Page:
(This article belongs to the Special Issue Neuroprotective Strategies 2012)
Open AccessReview Maintenance of Genomic Stability in Mouse Embryonic Stem Cells: Relevance in Aging and Disease
Int. J. Mol. Sci. 2013, 14(2), 2617-2636; doi:10.3390/ijms14022617
Received: 13 November 2012 / Revised: 11 January 2013 / Accepted: 12 January 2013 / Published: 28 January 2013
Cited by 6 | PDF Full-text (2601 KB) | HTML Full-text | XML Full-text
Abstract
Recent studies have shown that mouse embryonic stem cells (mESCs) rely on a distinctive genome caretaking network. In this review, we will discuss how mESCs functionally respond to DNA damage and describe several modifications in mESC DNA damage response, which accommodate dynamic cycling
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Recent studies have shown that mouse embryonic stem cells (mESCs) rely on a distinctive genome caretaking network. In this review, we will discuss how mESCs functionally respond to DNA damage and describe several modifications in mESC DNA damage response, which accommodate dynamic cycling and preservation of genetic information. Subsequently, we will discuss how the transition from mESCs to adult stem/progenitor cells can be involved in the decline of tissue integrity and function in the elderly. Full article
(This article belongs to the Special Issue DNA Damage and Repair in Degenerative Diseases)
Open AccessReview Annexin-Phospholipid Interactions. Functional Implications
Int. J. Mol. Sci. 2013, 14(2), 2652-2683; doi:10.3390/ijms14022652
Received: 27 December 2012 / Revised: 12 January 2013 / Accepted: 15 January 2013 / Published: 28 January 2013
Cited by 34 | PDF Full-text (2894 KB) | HTML Full-text | XML Full-text
Abstract
Annexins constitute an evolutionary conserved multigene protein superfamily characterized by their ability to interact with biological membranes in a calcium dependent manner. They are expressed by all living organisms with the exception of certain unicellular organisms. The vertebrate annexin core is composed of
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Annexins constitute an evolutionary conserved multigene protein superfamily characterized by their ability to interact with biological membranes in a calcium dependent manner. They are expressed by all living organisms with the exception of certain unicellular organisms. The vertebrate annexin core is composed of four (eight in annexin A6) homologous domains of around 70 amino acids, with the overall shape of a slightly bent ring surrounding a central hydrophilic pore. Calcium- and phospholipid-binding sites are located on the convex side while the N-terminus links domains I and IV on the concave side. The N-terminus region shows great variability in length and amino acid sequence and it greatly influences protein stability and specific functions of annexins. These proteins interact mainly with acidic phospholipids, such as phosphatidylserine, but differences are found regarding their affinity for lipids and calcium requirements for the interaction. Annexins are involved in a wide range of intra- and extracellular biological processes in vitro, most of them directly related with the conserved ability to bind to phospholipid bilayers: membrane trafficking, membrane-cytoskeleton anchorage, ion channel activity and regulation, as well as antiinflammatory and anticoagulant activities. However, the in vivo physiological functions of annexins are just beginning to be established. Full article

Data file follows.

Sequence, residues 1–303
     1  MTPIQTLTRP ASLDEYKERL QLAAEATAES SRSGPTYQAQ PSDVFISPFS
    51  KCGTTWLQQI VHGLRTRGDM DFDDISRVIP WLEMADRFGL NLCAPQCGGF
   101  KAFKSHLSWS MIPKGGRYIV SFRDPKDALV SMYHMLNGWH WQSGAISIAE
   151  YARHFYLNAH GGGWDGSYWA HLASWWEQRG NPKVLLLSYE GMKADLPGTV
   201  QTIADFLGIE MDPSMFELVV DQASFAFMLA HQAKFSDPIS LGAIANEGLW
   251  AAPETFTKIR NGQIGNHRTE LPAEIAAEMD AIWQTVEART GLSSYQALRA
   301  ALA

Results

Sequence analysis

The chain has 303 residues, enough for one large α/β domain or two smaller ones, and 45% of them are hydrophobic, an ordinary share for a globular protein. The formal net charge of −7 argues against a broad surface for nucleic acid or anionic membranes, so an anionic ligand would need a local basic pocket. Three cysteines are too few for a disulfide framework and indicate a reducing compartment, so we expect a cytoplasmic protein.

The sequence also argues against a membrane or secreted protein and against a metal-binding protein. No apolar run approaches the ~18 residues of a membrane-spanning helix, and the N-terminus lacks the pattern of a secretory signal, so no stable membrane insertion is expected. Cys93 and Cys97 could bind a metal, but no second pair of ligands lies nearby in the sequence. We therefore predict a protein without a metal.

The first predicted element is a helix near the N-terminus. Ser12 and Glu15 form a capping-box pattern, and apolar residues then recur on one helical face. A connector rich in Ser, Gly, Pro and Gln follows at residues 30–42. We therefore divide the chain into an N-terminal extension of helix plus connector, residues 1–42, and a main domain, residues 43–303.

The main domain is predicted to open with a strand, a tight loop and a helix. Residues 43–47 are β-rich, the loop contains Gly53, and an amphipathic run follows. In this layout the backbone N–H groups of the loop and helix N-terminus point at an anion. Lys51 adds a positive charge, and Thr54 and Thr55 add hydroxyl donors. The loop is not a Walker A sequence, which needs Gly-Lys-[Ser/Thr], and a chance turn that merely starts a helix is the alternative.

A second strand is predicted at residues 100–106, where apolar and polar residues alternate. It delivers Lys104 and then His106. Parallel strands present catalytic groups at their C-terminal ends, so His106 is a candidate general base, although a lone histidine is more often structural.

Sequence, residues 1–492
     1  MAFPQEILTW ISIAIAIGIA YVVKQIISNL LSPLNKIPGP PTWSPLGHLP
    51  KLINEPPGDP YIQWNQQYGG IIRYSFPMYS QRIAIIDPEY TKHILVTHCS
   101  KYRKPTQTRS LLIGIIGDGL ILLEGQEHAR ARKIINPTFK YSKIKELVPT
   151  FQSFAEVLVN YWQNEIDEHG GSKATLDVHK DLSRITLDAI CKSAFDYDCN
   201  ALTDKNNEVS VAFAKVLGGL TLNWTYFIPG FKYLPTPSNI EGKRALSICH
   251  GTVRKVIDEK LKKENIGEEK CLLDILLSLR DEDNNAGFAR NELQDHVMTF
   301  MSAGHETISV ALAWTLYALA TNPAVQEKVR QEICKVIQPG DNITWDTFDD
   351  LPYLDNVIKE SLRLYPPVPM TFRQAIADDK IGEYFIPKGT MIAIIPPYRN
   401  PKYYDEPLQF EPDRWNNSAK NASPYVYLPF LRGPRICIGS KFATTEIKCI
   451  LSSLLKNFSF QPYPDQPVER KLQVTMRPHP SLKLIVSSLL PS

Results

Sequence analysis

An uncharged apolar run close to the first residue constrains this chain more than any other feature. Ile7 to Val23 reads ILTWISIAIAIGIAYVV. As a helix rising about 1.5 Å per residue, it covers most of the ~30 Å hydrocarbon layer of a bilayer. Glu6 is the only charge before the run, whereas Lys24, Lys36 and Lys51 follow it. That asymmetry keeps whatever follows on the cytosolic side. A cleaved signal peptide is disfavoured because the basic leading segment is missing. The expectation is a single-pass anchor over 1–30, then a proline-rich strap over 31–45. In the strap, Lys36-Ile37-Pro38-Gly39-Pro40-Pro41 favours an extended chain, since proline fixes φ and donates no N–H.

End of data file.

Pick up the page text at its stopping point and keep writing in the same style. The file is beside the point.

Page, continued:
(This article belongs to the Special Issue Phospholipids: Molecular Sciences 2012)
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Open AccessReview Production of Pharmaceutical Proteins in Solanaceae Food Crops
Int. J. Mol. Sci. 2013, 14(2), 2753-2773; doi:10.3390/ijms14022753
Received: 3 December 2012 / Revised: 11 January 2013 / Accepted: 22 January 2013 / Published: 29 January 2013